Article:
The Italian court decision to hold three Google executives criminally liable for privacy violations raises important questions for human rights and for the technology industry. Privacy and freedom of expression are fundamental rights. How to best to align policies that protect both these rights is an issue that warrants broad consideration, as it impacts both Internet users and a wide range of online intermediaries – from wired and wireless telecommunications carriers, web-hosting companies, online service providers and even device manufacturers.

As the details of the ruling have not been made public yet, we want to be clear that the Global Network Initiative (GNI) is not commenting on the merits of that judgment – a matter that of course turns on the specific facts of the case and the court’s interpretation of Italian law. But the policy issues it surfaces extend beyond Italy and illustrate the challenges faced by the online industry, users, and the public at large to reconcile core societal values and rights such as freedom of expression and privacy that may compete in tragic cases like the present one. The GNI hopes that this decision will inject more urgency into efforts by governments, industry, academia and civil society to address Internet policy concerns in ways that realistically and effectively reflect and integrate respect for free expression and privacy, rather than undermining one right ostensibly to further another. Policy efforts must take into account the global nature and architecture of the Internet, while navigating legitimate cultural and legal differences across democracies in the interpretation of these rights.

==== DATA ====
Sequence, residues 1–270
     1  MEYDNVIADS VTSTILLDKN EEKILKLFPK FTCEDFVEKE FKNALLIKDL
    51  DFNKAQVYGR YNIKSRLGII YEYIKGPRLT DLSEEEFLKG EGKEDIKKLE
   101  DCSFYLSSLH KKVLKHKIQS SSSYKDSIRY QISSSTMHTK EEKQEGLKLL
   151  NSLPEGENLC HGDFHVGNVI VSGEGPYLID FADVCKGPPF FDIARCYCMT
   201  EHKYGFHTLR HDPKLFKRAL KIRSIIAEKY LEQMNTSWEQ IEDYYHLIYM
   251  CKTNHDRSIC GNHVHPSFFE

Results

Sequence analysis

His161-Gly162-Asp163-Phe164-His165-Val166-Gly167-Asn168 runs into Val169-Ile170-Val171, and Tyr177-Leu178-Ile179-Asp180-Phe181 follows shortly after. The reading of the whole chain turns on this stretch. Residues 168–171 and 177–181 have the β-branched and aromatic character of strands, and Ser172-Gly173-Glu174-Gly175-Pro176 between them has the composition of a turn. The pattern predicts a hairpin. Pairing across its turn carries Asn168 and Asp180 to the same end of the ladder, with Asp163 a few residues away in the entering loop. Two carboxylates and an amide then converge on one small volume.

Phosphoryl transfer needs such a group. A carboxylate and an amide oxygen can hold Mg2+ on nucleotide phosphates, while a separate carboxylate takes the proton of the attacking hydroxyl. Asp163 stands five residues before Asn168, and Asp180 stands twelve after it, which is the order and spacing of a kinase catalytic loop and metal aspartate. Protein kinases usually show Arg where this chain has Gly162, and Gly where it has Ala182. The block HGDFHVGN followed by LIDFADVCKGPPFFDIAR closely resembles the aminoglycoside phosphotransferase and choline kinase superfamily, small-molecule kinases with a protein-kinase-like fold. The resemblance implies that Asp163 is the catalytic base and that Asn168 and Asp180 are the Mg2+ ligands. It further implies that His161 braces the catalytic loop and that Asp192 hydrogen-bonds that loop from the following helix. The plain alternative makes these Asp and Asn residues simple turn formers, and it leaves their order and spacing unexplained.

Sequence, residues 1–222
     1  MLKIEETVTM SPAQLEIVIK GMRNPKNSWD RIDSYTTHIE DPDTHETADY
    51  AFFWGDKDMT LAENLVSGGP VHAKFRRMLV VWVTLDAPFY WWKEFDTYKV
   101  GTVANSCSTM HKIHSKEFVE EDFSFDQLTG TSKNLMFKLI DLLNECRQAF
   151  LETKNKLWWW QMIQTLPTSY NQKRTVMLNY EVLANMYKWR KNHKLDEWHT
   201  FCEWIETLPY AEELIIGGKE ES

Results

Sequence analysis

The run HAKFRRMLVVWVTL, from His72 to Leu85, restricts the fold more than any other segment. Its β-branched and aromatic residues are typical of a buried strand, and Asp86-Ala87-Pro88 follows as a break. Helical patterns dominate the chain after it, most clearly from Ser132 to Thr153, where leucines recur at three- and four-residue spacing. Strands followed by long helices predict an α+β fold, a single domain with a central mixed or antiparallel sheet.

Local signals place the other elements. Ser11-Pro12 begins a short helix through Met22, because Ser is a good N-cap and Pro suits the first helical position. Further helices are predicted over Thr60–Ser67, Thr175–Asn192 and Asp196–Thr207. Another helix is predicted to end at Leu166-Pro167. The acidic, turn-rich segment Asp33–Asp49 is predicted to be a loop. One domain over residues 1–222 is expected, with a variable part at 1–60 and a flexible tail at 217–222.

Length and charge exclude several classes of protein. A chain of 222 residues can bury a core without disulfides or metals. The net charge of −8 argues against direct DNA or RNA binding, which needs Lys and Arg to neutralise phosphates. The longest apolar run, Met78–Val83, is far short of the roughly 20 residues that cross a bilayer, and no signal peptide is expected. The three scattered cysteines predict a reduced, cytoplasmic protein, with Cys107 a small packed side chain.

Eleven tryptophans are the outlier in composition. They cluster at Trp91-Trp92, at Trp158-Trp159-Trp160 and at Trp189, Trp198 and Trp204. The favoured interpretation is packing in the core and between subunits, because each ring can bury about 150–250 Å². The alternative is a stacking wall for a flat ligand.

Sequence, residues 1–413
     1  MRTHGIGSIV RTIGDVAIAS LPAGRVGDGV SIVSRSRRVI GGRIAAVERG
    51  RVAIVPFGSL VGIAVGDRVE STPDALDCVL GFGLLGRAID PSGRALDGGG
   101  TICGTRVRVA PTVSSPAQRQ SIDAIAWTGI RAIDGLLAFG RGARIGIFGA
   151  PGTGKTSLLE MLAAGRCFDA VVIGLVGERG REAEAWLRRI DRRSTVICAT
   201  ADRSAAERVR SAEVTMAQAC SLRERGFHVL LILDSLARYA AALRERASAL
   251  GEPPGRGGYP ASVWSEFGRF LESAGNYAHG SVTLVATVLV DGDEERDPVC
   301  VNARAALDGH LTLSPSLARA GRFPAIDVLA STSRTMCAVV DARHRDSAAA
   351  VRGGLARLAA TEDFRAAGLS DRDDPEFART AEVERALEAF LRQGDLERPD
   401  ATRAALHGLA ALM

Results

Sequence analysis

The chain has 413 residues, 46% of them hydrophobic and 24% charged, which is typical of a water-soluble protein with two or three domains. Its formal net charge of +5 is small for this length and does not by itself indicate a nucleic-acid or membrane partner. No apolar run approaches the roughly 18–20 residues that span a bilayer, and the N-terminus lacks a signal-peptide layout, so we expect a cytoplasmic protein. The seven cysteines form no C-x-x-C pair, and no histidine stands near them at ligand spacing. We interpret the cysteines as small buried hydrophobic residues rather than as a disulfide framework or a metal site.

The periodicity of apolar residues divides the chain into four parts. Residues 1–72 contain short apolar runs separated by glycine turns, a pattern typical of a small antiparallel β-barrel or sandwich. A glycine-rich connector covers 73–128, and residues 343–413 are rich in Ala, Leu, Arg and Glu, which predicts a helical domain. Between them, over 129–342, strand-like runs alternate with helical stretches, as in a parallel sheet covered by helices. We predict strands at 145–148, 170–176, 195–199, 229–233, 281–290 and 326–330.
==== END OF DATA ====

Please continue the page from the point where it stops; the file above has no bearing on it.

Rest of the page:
The GNI is a group of companies, academics, investors, and human rights groups that has come together to protect and advance online free expression and privacy and, in particular, to fashion operational guidance for companies and to foster collaboration on public policy engagement. While we do not agree on everything, the topic of intermediary liability is one example of an important public policy issue where the stakeholders in the GNI share a consensus view. As GNI noted in August of last year, “When companies are held liable for content uploaded or sent by users, freedom of expression can suffer. Collaborative efforts should help advance policy solutions that better protect fundamental rights to expression and access to information.” (See GNI’s statement on Intermediary Liability here).

Policies creating liability for carriers on the basis of content sent or created by users threaten to chill freedom of expression by incentivizing carriers to restrict the use of their services for any content that could be considered controversial, or to restrict the pseudonymous use of these services. This impetus is particularly strong where definitions of illegal content are vague, encouraging self-censorship and prior restraint on speech. In contrast, where governments have sought to promote growth in the expressive (and commercial) capabilities of these technologies, they have enacted protections from liability when companies act as “mere conduits” for content, or simply cache or host content – this is the case with the European E-Commerce Directive, for example. The application and scope of such “safe harbor” provisions, however, can be controversial when a particular case comes before a court, as the Italian case demonstrates.